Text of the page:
Louis Mark: “As a master’s student, you are not given all of the answers, you are given the directions.”

Louis Mark is a senior program consultant at Anthesis Group, a consulting group focusing on sustainability. He joined the Sciences Po Master’s Degree in Energy Economics in the fall of 2016, after spending time researching in China. “The year before I started was a pivotal moment for climate,” he says, “and I was already doing some research in China at the time. My focus was on air pollution, displacement of indigenous people, and energy infrastructure.” When the Paris agreement was signed in April 2016, Mark felt even more compelled to continue his studies in climate. 

As a student in the Energy Economics program, Mark participated in courses that “ran the gamut of the range of energy topics—from power markets, to oil finance, to long term energy scenarios.” He describes studying a lot of theory, as well as quantitative elements that focused on the marriage of energy and economics. Outside of the classroom, Mark was part of a projet collectif and the Energy Association, a professional development organization that brought speakers from different walks in the energy profession to speak to the student body. This organization, he says, gave students “perspective on what people were doing in energy professionally.”  Mark chimes in that he “had the best time in Paris” living in the seventh arrondissement close to the Champs-de-Mars. “There was always something to do,” he reminisces, “whether you were interested in traveling outside of Paris or just meeting students in different parts of the city to go out to dinner.” Mark additionally had internships with the International Energy Agency under the OECD and participated in a remote internship based out of the Netherlands that introduced him to the private sector. 

Before studying climate and energy, Mark focused on international policy and international relations, and before his master’s at Sciences Po, he lived in China as part of a certificate program through Johns Hopkins. He says that the direct sensation of pollution in China he experienced personally was a major driver of his focus on climate and energy. He also cites the prevalence of the topic while studying international policy. “There were always a lot of examples about climate and energy; it was something hard to ignore,” he adds. Inspired by the Paris Agreement and a desire to focus on something international but with a specific focus, Mark describes thinking energy and climate would be an excellent type of career to grow as a professional. Most importantly, “I also wanted to choose something important,” he says. Upon entering the energy sector, Mark was surprised by the many possibilities. “There are just so many aspects,” he says. “You can go in so many directions—studying oil and finance, energy markets, sustainability, energy technology, or power markets. The field gets exponentially diverse.”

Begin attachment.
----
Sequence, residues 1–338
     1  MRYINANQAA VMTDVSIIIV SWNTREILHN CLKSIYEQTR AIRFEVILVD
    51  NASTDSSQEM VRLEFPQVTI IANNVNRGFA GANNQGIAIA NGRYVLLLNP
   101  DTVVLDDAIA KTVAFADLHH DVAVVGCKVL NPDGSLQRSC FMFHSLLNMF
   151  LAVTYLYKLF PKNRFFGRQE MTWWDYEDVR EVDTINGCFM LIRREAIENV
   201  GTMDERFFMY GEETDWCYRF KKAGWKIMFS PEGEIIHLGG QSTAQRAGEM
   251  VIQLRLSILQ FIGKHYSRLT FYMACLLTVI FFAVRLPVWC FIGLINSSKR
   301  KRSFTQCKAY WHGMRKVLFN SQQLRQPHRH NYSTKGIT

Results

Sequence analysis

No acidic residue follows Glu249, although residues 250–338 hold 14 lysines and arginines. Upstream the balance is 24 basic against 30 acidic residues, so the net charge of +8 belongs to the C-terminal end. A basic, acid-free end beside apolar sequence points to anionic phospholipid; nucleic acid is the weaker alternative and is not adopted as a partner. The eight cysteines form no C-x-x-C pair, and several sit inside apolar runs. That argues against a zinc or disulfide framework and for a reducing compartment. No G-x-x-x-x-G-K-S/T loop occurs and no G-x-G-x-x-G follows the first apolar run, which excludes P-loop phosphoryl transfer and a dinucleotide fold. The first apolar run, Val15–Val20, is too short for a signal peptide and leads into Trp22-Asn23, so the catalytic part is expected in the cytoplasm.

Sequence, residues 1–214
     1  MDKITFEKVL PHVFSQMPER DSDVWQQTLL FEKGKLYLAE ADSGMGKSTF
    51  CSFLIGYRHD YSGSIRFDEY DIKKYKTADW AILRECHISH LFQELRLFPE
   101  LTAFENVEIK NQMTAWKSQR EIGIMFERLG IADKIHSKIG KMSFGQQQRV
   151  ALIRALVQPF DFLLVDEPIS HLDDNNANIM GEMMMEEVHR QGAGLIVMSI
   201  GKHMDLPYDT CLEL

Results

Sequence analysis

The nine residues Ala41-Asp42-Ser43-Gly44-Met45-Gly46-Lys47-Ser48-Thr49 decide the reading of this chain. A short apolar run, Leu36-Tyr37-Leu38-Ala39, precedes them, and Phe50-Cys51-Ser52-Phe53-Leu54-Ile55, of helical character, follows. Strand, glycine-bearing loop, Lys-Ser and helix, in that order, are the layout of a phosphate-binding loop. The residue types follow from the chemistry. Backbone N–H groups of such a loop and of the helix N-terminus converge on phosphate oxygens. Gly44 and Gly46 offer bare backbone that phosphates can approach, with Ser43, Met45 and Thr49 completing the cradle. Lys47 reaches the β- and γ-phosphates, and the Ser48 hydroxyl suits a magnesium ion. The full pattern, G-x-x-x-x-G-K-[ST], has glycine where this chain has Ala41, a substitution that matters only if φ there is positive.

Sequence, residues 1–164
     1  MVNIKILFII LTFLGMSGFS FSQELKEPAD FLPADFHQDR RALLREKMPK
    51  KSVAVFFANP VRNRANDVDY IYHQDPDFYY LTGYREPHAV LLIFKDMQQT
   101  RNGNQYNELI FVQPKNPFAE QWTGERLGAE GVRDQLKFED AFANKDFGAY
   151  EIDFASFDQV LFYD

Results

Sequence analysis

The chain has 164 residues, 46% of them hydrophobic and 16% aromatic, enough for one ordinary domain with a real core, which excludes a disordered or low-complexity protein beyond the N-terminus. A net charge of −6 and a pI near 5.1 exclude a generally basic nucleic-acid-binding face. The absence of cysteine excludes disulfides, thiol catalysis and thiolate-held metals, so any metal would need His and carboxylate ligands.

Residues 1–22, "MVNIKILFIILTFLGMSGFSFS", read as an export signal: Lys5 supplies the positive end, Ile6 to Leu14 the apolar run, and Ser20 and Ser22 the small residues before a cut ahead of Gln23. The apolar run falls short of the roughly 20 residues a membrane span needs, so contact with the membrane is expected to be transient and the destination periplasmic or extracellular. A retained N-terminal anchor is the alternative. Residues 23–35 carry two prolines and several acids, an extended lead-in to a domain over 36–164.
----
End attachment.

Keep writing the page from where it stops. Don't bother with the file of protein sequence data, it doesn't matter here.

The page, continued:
After graduating from Sciences Po, Mark took a year-long post as a power markets analyst in the Netherlands. He soon realized, however, that the position was not very sustainability focused, where he says he “really felt his calling was,” and he next joined a global consultancy called Navigant. At Navigant, Mark worked on the sustainable consulting solution team and moved to America. There, he began to focus on sustainability through the lens of international policy and how it applies to the corporate sector in helping corporations meet their emissions targets. When he got the opportunity to take a position with Anthesis, Mark was thrilled to jump into a consultancy fully dedicated to sustainability. Today, he says, 
“I am doubling down on what I know about sustainability, asking: what does it mean to get to zero emissions by 2050 in line with the Paris Agreement? How do we push our clients to become even more ambitious than what the Paris Agreement is saying?” Mark believes the private sector has a huge stake and role to play in averting climate failure because of its fast pace and influence over the economy. “It is a lot of work,” he adds, “though so far it is really satisfying to be in the industry and be challenged.” 

When asked what he most enjoys about his current role, Mark replies: “the most exciting thing is how in the last two and a half years, what I felt was a very niche part of sustainability, understanding company emissions, really blew up into a full-fledged international movement with large and important stakeholders.” He describes the feeling of being “part of a global movement to tackle emissions on a global level and understand what those solutions are for different sectors.” The biggest challenge for professionals working in the climate field, he says, “is that there is just no time. You have to be very efficient but still be very ambitious.” 

Looking back on his education, Mark believes “Sciences Po was a great platform.” With extensive opportunities for professional development and the opportunity to say, “I am a student, and I am learning about energy, that goes a long way,” he says. “As a master’s student, you are not given all of the answers, you are given the directions, and then you just dive in.” 

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